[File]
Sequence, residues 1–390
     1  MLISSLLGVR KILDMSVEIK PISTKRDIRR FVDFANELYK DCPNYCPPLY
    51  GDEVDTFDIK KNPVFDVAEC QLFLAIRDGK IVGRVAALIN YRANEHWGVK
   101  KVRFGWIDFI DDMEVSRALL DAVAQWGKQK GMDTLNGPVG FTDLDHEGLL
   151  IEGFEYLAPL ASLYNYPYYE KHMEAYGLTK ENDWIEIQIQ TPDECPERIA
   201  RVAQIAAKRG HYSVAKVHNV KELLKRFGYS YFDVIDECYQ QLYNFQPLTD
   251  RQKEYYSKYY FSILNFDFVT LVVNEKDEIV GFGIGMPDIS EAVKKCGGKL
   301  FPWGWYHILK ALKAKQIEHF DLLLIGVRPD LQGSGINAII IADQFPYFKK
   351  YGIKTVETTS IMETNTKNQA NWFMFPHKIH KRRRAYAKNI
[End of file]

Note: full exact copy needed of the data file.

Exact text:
Sequence, residues 1–390
     1  MLISSLLGVR KILDMSVEIK PISTKRDIRR FVDFANELYK DCPNYCPPLY
    51  GDEVDTFDIK KNPVFDVAEC QLFLAIRDGK IVGRVAALIN YRANEHWGVK
   101  KVRFGWIDFI DDMEVSRALL DAVAQWGKQK GMDTLNGPVG FTDLDHEGLL
   151  IEGFEYLAPL ASLYNYPYYE KHMEAYGLTK ENDWIEIQIQ TPDECPERIA
   201  RVAQIAAKRG HYSVAKVHNV KELLKRFGYS YFDVIDECYQ QLYNFQPLTD
   251  RQKEYYSKYY FSILNFDFVT LVVNEKDEIV GFGIGMPDIS EAVKKCGGKL
   301  FPWGWYHILK ALKAKQIEHF DLLLIGVRPD LQGSGINAII IADQFPYFKK
   351  YGIKTVETTS IMETNTKNQA NWFMFPHKIH KRRRAYAKNI